George F. Will on Obamanomics

Steven Laib stevenlaib at SBCGLOBAL.NET
Mon Aug 25 12:48:51 MDT 2008

Little Rhetoric Riding Hood

By George F. Will
Sunday, August 24, 2008; B07

Obama has made his economic thinking excruciatingly clear, so it also 
is clear that his running mate should be Rumpelstiltskin. He spun 
straw into gold, a skill an Obama administration will need to fulfill 
its fairy-tale promises.

Obama recently said that he would "require that 10 percent of our 
energy comes from renewable sources by the end of my first term -- 
more than double what we have now." Note the verb "require" and the 
adjective "renewable."

By 2012 he would "require" the economy's huge energy sector to -- 
here things become comic -- supply half as much energy from renewable 
sources as already is being supplied by just one potentially 
renewable source. About 20 percent of America's energy comes from 
nuclear energy produced using fuel rods, which, when spent, can be 
reprocessed into fresh fuel.

Obama is (this is part of liberalism's catechism) leery of nuclear 
power. He also says -- and might say so even if Nevada were not a 
swing state -- that he distrusts the safety of Nevada's 
Mountain for storage of radioactive waste. Evidently he prefers 
today's situation -- nuclear waste stored at 126 inherently insecure 
above-ground sites in 39 states, within 75 miles of where more than 
161 million Americans live.

But back to requiring this or that quota of energy from renewable 
sources. What will that involve? For conservatives, seeing is 
believing; for liberals, believing is seeing. Obama seems to believe 
that if a particular outcome is desirable, one can see how to require 
it. But how does that work? Details to follow, sometime after noon 
Jan. 20, 2009.

Obama has also promised that "we will get 1 million 
150-mile-per-gallon plug-in hybrids on our roads within six years." 
What a tranquilizing verb "get" is. This senator, who has never run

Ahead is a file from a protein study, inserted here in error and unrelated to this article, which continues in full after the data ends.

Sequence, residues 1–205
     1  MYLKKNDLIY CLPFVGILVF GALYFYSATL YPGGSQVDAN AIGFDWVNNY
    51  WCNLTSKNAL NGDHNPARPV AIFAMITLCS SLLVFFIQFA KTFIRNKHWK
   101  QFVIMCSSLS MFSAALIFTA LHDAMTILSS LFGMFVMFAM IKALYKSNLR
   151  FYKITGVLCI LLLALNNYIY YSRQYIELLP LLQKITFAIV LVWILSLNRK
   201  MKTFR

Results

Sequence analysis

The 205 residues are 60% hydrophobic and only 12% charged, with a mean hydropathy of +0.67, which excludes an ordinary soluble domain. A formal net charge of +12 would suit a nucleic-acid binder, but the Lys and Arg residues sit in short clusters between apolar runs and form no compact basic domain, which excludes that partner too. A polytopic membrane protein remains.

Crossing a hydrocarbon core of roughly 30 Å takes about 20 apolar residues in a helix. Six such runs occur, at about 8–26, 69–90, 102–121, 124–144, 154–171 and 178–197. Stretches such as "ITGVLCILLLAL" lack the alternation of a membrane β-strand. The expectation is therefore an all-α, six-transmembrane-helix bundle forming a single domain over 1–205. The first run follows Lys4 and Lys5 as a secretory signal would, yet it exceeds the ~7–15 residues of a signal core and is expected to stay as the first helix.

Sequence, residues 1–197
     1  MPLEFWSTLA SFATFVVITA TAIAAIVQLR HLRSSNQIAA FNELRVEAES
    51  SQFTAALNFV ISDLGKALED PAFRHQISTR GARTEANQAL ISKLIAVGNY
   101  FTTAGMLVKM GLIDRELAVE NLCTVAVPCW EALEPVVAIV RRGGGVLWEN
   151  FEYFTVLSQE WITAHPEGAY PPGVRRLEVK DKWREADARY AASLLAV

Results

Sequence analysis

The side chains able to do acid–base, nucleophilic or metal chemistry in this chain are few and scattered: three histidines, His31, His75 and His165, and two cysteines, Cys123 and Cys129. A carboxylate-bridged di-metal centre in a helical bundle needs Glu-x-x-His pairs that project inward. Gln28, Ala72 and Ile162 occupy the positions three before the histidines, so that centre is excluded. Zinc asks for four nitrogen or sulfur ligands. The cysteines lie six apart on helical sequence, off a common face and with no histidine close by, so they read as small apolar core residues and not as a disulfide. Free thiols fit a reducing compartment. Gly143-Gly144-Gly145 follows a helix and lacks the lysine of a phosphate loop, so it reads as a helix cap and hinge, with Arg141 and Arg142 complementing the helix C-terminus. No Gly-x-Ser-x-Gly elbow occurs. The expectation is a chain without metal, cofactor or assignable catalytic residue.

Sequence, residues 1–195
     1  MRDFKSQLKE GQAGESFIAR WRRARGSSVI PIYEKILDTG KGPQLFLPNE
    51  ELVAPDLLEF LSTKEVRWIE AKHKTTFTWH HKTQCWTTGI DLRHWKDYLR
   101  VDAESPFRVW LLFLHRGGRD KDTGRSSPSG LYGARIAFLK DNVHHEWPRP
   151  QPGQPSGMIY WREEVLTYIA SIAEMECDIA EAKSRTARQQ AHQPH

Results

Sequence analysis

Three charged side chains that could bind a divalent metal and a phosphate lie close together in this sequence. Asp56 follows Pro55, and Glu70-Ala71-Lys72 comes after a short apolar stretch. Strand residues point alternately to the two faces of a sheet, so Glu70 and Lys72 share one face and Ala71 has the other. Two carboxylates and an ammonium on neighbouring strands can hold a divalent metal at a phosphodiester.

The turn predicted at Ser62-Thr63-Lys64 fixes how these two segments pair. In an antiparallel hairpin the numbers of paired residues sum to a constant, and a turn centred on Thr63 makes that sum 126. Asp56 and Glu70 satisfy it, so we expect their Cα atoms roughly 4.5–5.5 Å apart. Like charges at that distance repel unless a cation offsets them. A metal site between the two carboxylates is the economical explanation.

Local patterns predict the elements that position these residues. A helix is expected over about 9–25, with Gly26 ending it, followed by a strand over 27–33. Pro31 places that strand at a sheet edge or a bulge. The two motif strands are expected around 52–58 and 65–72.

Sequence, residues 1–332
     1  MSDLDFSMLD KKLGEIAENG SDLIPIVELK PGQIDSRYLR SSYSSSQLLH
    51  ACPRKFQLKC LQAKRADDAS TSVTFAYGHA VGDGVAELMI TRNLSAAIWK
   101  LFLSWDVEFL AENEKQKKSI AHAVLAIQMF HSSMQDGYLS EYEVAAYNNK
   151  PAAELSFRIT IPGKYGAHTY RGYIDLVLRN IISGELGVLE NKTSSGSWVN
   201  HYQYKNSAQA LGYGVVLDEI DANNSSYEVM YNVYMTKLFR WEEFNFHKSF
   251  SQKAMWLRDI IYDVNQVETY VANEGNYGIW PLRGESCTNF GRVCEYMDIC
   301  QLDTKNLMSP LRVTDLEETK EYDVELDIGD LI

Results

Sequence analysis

so much as a 
Queen, is going to get a huge, complex industry to produce, and is 
going to get a million consumers to buy, these cars. How? Almost 
certainly by federal financial incentives for both -- billions of 
dollars of tax subsidies for automakers and billions more to bribe 
customers to buy cars they otherwise would spurn.

Conservatives are sometimes justly accused of ascribing magic powers 
to money and markets: Increase the monetary demand for anything, and 
the supply of it will expand. But it is liberals such as Obama who 
think that any new technological marvel or other social delight can 
be summoned into existence by a sufficient appropriation. Once they 
thought "model cities" could be, too.

Where will the electricity for these million cars come from? Not 
nuclear power (see above). And not anywhere else, if Obama means 
this: "I will set a hard cap on all carbon emissions at a level that 
scientists say is necessary to curb global warming -- an 80 percent 
reduction by 2050."

No, he won't. Steven Hayward of the 
Enterprise Institute notes that in 2050 there will be 420 million 
Americans -- 40 million more households. So Obama's cap would require 
reducing per capita carbon emissions to levels probably below even 
those "in colonial days when the only fuel we burned was wood."

Regarding taxes, Obama says that "we don't want to return to marginal 
rates of 60 or 70 percent." The top federal rate was 70 percent until 
the Reagan cuts of 1981. It has since ranged between 50 in 1982 and 
today's 35. Obama promises that expiration of the Bush tax cuts will 
restore the 39.6 percent rate. He also favors a payroll tax of up to 
4 percent on earnings above $250,000 (today, only the first $102,000 
is taxed), most of which also are subject to the highest state income 
tax rates. When the top federal rate was set at 28 percent under 
Reagan, payroll taxes were not levied on income over $42,000, so the 
top effective rate of combined taxes was under 35 percent. Obama's 
policies would bring it to the mid-50s for many Americans, close to 
the 60 percent Obama considers excessive.

There never is a shortage of nonsensical political rhetoric, but 
really: Has there ever been solemn silliness comparable to today's 
politicians tarting up their agendas as things designed for, and 
necessary to, "saving the planet," and promising edicts to "require" 
entire industries to reorder themselves?

In 1996, 
Dole, citing the Clinton campaign's scabrous fundraising, exclaimed: 
"Where's the outrage?" In this year's campaign, soggy with 
environmental messianism, deranged self-importance and delusional 
economics, the question is: Where is the derisive laughter?

<mailto:georgewill at>georgewill at
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